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Evictions Surge After Moratoriums End; Dallas Continues Program To Help Renters

DALLAS (CBSDFW.COM) - Governor Greg Abbott renewed the COVID-19 Disaster Declaration over the weekend, meaning Dallas' eviction ordinance aimed at giving tenants more time to pay their rent also gets extended.

The ordinance requires landlords to provide notice of possible eviction, beginning the eviction process, and then tenants have 21 days instead of the typical three days to respond with documented evidence that the pandemic has negatively affected their ability to pay rent.

If there's enough evidence, the tenant then has 60 days to enter into a repayment agreement with the landlords.

"It's giving tenants more time to be able to cure, to be able to solve the past payments that's due," said Ashley Brundage, Executive Director of Housing Stability and Senior Vice President of Community Impact at United Way of Metropolitan Dallas. "The truth is that people are still out of work and people are still getting sick and missing work and so the rent assistance is still just as important as it was in 2020 if not more so just because of the amount of time people have been out of work."

According to the Child Poverty Action Lab, in the city of Dallas, in the first 21 days in January of 2022, there have been 1,468 eviction filings.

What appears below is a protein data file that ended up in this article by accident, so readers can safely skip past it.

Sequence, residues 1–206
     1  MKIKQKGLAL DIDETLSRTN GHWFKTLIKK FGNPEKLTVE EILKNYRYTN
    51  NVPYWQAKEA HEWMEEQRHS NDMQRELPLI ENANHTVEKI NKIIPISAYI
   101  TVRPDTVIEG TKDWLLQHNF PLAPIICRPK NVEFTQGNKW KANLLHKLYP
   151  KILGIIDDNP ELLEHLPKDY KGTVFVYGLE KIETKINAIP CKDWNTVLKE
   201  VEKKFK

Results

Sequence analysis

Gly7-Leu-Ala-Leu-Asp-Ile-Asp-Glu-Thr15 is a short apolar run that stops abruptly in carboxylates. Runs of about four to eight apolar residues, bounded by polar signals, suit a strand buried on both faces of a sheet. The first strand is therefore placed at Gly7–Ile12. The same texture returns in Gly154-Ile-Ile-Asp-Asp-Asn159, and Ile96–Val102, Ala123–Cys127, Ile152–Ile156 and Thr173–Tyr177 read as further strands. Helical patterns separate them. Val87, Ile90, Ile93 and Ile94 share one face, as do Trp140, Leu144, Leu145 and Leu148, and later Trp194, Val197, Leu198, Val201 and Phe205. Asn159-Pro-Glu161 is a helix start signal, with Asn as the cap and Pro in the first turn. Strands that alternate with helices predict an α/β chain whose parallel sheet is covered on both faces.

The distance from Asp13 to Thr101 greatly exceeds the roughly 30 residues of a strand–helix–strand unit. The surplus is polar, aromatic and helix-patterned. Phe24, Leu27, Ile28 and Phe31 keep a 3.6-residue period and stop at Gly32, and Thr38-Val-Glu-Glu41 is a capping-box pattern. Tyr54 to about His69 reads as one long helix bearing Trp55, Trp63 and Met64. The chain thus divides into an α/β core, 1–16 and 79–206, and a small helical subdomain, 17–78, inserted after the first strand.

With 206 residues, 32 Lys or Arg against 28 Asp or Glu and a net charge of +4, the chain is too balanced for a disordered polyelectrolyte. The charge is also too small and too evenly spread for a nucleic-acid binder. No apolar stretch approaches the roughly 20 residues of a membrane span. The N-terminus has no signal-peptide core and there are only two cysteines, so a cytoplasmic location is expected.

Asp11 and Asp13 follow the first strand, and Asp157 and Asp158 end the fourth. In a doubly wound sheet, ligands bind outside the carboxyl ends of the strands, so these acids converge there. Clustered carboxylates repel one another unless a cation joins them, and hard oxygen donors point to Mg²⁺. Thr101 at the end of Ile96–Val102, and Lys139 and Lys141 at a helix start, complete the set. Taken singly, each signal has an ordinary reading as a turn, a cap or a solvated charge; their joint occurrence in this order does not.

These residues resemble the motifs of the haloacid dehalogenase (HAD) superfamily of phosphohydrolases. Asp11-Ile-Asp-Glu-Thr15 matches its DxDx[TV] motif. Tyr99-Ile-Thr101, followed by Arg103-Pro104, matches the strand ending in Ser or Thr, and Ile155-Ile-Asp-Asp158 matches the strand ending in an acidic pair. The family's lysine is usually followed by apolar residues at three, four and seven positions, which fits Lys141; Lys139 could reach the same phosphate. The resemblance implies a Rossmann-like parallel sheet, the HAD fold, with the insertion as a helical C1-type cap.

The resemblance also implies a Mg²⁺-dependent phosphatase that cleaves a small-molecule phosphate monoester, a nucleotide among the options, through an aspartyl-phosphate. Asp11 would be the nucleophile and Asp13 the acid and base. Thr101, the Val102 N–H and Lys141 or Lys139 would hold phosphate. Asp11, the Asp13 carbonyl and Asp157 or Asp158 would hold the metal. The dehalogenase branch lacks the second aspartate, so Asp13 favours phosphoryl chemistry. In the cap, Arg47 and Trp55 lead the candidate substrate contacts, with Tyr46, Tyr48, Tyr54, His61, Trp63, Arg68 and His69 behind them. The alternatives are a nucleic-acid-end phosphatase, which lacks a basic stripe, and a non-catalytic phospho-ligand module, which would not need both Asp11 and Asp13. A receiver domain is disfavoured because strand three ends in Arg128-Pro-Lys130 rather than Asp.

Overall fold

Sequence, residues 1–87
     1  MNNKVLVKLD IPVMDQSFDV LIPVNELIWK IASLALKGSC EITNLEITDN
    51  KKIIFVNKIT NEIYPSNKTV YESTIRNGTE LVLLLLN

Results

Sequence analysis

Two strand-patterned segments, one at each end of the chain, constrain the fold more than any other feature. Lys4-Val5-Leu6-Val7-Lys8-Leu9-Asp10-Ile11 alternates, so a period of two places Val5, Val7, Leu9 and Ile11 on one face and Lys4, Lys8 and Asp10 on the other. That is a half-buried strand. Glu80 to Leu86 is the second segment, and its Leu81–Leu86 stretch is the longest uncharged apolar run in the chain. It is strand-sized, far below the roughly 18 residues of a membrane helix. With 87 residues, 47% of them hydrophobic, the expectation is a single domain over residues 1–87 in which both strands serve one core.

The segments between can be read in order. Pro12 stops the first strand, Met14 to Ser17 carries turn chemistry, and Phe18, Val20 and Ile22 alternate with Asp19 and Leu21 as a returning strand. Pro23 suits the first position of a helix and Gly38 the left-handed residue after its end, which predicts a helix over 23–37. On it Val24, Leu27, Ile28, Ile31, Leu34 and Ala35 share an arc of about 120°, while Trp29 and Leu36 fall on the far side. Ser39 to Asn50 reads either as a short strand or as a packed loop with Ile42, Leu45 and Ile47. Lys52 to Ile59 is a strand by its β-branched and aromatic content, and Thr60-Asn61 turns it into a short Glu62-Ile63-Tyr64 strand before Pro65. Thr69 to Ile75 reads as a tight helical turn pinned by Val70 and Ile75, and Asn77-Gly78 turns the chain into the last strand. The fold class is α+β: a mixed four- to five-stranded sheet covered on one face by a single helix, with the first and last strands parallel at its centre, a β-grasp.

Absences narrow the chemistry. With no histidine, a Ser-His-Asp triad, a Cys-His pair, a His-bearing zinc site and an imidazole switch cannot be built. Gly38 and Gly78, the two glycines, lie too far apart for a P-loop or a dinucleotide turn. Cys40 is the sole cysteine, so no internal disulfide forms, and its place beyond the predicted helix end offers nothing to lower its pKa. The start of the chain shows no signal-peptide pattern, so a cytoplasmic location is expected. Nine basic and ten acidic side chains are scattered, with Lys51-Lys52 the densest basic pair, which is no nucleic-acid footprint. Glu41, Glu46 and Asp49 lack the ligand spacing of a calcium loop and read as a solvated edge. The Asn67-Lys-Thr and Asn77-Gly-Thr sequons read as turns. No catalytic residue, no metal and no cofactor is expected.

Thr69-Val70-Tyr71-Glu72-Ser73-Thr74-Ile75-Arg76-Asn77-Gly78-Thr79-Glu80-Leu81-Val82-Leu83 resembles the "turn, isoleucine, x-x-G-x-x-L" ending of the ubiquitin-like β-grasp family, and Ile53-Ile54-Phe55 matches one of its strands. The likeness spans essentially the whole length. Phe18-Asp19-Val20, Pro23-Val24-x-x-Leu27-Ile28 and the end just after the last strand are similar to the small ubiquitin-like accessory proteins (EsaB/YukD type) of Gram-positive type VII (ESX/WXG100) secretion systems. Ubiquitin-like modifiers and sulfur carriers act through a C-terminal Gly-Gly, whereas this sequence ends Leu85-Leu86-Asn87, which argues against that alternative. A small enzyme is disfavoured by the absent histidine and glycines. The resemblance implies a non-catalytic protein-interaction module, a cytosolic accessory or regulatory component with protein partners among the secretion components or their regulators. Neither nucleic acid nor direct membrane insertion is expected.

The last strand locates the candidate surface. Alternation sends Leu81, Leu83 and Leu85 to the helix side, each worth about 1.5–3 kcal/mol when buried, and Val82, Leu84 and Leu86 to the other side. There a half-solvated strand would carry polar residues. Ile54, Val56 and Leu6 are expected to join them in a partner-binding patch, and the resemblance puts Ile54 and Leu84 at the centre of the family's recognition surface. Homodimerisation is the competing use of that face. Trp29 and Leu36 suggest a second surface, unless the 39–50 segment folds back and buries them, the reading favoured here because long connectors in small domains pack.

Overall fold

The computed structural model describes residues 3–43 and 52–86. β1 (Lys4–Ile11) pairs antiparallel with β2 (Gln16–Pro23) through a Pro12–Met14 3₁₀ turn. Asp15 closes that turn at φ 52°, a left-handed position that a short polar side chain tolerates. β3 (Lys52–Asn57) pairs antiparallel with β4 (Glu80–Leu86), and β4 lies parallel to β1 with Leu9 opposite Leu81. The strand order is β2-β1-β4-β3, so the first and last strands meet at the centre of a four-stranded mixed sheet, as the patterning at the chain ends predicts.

During the same time period in 2021, there were 856 eviction filings and in 2020, just under 2,300 filings.

"We are definitely seeing a steady climb in new eviction filing numbers and that climb has definitely accelerated since the end of the Federal eviction moratorium in August of 2021," said Ashley Flores, Senior Director at the Child Poverty Action Lab.

Flores also said in Tarrant County, while the number of eviction filings aren't as numerous as Dallas County, it's because there's a population difference.

The rate of filings are higher in Tarrant County with 65 per 1,000 residents compared to 56 per 1,000 residents in Dallas County.

One place renters can go to if you do need assistance is United Way of Metropolitan Dallas.

To see more of Child Poverty Action Lab's work, click here.


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